Fire chiefs and labor officials are telling anyone who will listen that the current economic times are presenting some of the most difficult operational and political challenges they have faced in their careers. Budgets are being slashed in our cities and states, and fire departments have been...
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Fire chiefs and labor officials are telling anyone who will listen that the current economic times are presenting some of the most difficult operational and political challenges they have faced in their careers. Budgets are being slashed in our cities and states, and fire departments have been unable to avoid being on the receiving end of some of these reductions.
Difficult times can be times of opportunity — opportunities to strengthen the working relationships among the parties while solving difficult problems, or opportunities for elected officials, administrators, chief officers or even a union to take advantage of the situation in a way that is not productive, not in the best interest of the parties involved, and not with sufficient focus on the safety of the public and the firefighters.
A statement jointly released on July 30, 2009, by the International Association of Fire Fighters (IAFF) and the Metropolitan Fire Chiefs Association said in part, "We acknowledge the current economic reality. The value of the assets used to generate local government revenue has plummeted. Local governments across North America are contemplating or proposing decreases in size and/or reductions in the span and depth of their services. The fire service is often caught up in that contraction. We must weather this storm by having a realistic strategy grounded in the safety and security of firefighters, paramedics and the public at large." The statement goes on to give some direct and valid advice on dealing with decisions that impact staffing, service delivery and safety.
With that said, whenever decisions that affect local service delivery and safety are being made outside of the fire department by consultants, city or state administrators, or elected officials, there is the possibility that the leadership inside the fire department will need to use its collective capabilities to develop a joint strategy to positively influence those decisions and the plans that emerge from them. When there isn't any collective capability between labor and management leaders in the first place because of a history of negativity and conflict, it makes the fire department even more vulnerable to external decisions that can be devastating to the organization, its members and the public. This is a critical example of why an ongoing positive and productive relationship between labor and management leaders becomes so important in a fire department.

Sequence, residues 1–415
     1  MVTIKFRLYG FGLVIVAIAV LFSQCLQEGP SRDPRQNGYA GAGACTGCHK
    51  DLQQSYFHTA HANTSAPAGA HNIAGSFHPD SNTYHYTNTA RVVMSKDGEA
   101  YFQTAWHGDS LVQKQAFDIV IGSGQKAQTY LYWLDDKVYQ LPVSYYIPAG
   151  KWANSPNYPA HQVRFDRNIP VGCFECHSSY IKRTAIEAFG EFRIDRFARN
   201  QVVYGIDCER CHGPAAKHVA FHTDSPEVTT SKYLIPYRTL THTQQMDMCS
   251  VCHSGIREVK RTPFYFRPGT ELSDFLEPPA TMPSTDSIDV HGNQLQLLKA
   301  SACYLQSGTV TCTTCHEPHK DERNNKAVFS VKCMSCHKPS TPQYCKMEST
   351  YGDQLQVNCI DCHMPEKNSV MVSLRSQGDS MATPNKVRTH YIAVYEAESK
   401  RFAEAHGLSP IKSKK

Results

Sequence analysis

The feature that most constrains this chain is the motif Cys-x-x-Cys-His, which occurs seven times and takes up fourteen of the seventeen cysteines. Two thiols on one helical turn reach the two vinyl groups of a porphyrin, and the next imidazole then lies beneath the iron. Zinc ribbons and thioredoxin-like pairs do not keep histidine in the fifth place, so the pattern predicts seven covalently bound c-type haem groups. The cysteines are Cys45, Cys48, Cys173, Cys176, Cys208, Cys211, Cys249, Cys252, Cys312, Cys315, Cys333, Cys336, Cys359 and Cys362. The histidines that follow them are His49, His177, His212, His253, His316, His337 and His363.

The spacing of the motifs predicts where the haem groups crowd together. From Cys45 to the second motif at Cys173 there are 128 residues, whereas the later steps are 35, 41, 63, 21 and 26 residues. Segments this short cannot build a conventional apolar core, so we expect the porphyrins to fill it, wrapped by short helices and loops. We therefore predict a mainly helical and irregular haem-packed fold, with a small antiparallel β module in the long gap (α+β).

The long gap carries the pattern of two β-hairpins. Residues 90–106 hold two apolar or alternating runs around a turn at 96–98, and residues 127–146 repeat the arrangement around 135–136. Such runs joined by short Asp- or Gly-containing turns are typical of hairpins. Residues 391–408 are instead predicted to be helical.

The IAFF and the International Association of Fire Chiefs (IAFC) have for years taken the lead in encouraging the development of positive, productive and effective labor/management relations and processes. They have even co-hosted excellent conferences for their members in an effort to show them the way to a more effective system and to share success stories. This curriculum includes learning to use their individual and collective political and professional influence to weigh-in up front and during the development of external decisions that impact the fire department, public safety and firefighter safety.
The fire service is in a time when this capability is as important as ever. Ideally, it was in place before the current crisis unfolded, but if not, it's still not too late to start working on building them. Bottom line, joint planning and joint problem-solving can enhance the quality of organizational decisions in good times and in difficult times.
It's important that the fire service listens to the IAFF, the IAFC and the Metro Chiefs in their efforts to strengthen the collective capability and influence of our departments at the local level of politics, administration and decision-making. The fire departments that have taken this philosophy and approach to heart and invested time in planning and working together in the past have been able to use the processes they have in place to help them today — and those that have not have found the current situation even more difficult for a variety of reasons.
When labor and management are constantly at odds on internal matters, dealing with external challenges together can be almost impossible. Perhaps our current economic crisis will be the catalyst for future improvement in fire departments that have struggled with their internal labor/management working relationships. After all, it's probably more important now than ever and it could be one of the good things (opportunities) that will come out of all of this in the end.
DENNIS COMPTON, a Firehouse® contributing editor, is a well-known speaker and the author of several books, including the When in Doubt, Lead series. He is also co-editor of the current edition of the ICMA textbook Managing Fire and Rescue Services. Compton was the fire chief in Mesa, AZ, for five years and assistant fire chief in Phoenix, AZ, where he served for 27 years. Compton is the past chair of the Executive Board of the International Fire Service Training Association (IFSTA) and past chair of the Congressional Fire Services Institute's National Advisory Committee. He is also chairman of the National Fallen Firefighters Foundation Board of Directors and the chairman of the Home Safety Council Board of Directors.